Õppimisprotsess avaliku juhtimise ja poliitika väljal võiks paljudele huvi pakkuda, sest tegemist on ühega vähestest valdkondadest, millele aja kulutamine vähemalt kahju ei tohiks tekitada. 🙂
Tegemist on vabalevis oleva tekstiga, sestap pikki kommentaare vaja ei ole. Lisan vaid mõned vihjed lugemishuviks.
Policy processes involve policy actors ranging from politicians and public oﬃcials to managers of public and private companies, members of interest groups (i.e., stakeholders, lobbyists, users, etc.), academics, consultants or active citizens. Policy actors acquire, translate, and disseminate new information and knowledge, flowing from interactions, experience, and from the accumulation of evidence on policy problems and solutions (Heikkila & Gerlak, 2013).
The purpose of this article is to systematically review the existing practices for measuring policy learning in the public administration and policy research.
Õppimine toimub või mitte? (viimase puhul on küll küsimus, kas see on üldse võimalik)
One important pitfall of mediocre measurement methods is that they incorrectly assume the occurrence of learning where it does not actually occur. Theoretically, ‘censoring’ learning (Dunlop & Radaelli, 2018) involves the incorrect attribution of policy changes to putative belief updates instead of recognizing the effects of other factors (power, context, events, institutions, social interactions, etc.).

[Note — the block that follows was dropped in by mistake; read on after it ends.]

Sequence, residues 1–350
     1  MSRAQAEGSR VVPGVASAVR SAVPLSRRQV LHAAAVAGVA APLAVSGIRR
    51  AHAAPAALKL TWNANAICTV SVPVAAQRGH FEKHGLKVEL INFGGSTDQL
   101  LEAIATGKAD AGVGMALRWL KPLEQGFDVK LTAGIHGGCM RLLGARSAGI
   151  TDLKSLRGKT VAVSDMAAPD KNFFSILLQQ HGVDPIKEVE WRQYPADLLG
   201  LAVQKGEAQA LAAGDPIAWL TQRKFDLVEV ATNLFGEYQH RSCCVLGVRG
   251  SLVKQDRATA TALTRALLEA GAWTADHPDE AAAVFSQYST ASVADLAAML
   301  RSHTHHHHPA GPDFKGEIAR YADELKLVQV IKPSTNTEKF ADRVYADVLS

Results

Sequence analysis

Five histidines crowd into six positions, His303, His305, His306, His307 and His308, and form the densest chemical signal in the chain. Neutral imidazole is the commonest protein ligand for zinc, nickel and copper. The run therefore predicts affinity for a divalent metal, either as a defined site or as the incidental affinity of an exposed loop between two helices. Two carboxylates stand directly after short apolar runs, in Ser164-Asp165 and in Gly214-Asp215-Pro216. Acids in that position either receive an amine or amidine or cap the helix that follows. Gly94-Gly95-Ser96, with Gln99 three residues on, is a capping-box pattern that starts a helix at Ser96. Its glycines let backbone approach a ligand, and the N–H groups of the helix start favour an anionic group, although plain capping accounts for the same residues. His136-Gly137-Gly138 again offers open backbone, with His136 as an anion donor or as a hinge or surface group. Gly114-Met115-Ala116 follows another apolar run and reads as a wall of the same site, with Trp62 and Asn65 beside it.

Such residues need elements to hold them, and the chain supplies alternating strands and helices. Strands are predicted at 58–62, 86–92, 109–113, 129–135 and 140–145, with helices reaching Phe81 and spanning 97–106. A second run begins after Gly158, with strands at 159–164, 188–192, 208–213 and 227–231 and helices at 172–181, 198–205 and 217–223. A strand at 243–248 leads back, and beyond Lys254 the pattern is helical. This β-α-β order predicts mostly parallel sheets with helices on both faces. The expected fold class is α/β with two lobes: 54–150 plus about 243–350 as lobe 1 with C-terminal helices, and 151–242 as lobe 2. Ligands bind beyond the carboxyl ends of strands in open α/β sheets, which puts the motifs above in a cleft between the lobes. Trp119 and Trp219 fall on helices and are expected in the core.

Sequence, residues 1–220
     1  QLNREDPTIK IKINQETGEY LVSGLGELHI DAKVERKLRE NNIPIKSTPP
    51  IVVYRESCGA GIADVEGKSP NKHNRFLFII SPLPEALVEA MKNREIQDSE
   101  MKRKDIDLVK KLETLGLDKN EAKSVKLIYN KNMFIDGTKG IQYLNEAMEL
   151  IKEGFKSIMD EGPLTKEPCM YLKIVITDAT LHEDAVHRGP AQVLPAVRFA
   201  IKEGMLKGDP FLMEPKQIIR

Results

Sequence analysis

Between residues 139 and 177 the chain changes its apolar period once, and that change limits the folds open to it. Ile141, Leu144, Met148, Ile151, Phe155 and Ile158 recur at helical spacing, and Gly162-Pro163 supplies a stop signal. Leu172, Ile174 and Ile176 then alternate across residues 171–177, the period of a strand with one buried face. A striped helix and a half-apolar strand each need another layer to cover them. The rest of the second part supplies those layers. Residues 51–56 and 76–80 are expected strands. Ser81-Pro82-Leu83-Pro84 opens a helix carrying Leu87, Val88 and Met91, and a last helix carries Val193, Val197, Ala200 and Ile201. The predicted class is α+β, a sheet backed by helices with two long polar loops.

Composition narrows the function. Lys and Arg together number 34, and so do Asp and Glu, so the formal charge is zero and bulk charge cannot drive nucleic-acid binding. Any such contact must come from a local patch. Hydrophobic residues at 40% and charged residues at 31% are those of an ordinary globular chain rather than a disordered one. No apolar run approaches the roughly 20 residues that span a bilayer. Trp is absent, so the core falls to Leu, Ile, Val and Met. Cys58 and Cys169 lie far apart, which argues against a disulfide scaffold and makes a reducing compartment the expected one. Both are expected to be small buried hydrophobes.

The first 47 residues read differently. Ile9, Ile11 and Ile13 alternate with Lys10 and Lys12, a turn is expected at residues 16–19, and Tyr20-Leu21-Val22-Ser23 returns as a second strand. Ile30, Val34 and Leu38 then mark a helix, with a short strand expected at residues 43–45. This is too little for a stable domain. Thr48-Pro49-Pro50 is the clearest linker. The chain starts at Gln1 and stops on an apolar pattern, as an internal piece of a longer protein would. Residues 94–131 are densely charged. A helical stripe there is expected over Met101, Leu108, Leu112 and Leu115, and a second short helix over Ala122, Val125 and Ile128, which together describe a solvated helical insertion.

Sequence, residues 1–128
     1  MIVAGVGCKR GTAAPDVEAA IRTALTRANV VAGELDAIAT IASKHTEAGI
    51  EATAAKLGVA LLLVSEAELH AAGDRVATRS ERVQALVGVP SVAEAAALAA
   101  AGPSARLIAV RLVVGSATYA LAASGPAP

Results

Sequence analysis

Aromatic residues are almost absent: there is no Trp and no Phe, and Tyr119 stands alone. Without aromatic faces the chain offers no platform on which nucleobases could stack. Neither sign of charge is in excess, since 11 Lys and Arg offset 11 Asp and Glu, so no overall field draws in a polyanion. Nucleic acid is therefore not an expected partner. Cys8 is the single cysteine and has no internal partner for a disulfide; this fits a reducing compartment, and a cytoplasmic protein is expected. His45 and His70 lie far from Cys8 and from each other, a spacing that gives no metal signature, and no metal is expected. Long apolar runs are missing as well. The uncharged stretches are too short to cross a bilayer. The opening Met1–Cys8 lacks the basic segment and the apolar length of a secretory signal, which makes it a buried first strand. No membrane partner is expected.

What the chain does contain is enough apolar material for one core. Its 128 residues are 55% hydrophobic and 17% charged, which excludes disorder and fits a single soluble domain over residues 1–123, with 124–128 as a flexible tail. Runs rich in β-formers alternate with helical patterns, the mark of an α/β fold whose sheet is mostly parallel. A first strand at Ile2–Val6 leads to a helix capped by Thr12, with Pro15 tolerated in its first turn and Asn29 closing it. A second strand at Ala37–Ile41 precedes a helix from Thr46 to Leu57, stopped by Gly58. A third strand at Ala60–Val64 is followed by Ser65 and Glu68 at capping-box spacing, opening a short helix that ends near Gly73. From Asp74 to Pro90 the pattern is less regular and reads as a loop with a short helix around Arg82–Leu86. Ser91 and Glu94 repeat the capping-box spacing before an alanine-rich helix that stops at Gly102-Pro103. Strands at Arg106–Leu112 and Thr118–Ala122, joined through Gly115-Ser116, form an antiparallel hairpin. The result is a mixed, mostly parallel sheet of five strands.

Policy learning plays a central role in policy interdependency (Gilardi, 2010; Meseguer, 2004; Volden et al., 2008). Learning achieves preferred outcomes by processing information on policies adopted in other settings.
Alguses arvati nii:
The early research on policy learning (e.g., Bennett & Howlett, 1992, p. 291) suggested that, next to cognitive changes, policy learning may also refer to behavioral changes. However, none of the reviewed articles assumes that policy learning is fundamentally more than a cognitive process. In contrast, a variation across existing studies persists regarding the type of belief changes that occur as a result of learning.
Järeldusi ja ideid on siin veelgi, kuid viimasena midagi sellist:
We find that, despite their eclecticism, the measurement practices for policy learning are closer than they appear. Indeed, the research field on policy learning may be viewed as divided into several relatively autonomous subfields (Moyson & Scholten, 2018). […] Social learning research tends to favor micro and meso analyses of policy learning, even if institutional factors may influence learning dynamics, for example the transformation of individual learning into collective learning (see Witting & Moyson, 2015). In contrast, the policy interdependency studies focus on macro analyses although individual factors can also play a role in this type of policy process (e.g., Gilardi, 2010).
Squevin, P., Aubin, D., Montpetit, É., & Moyson, S. (2021). Closer than they look at first glance: A systematic review and a research agenda regarding measurement practices for policy learning. International Review of Public Policy, 3(3: 2)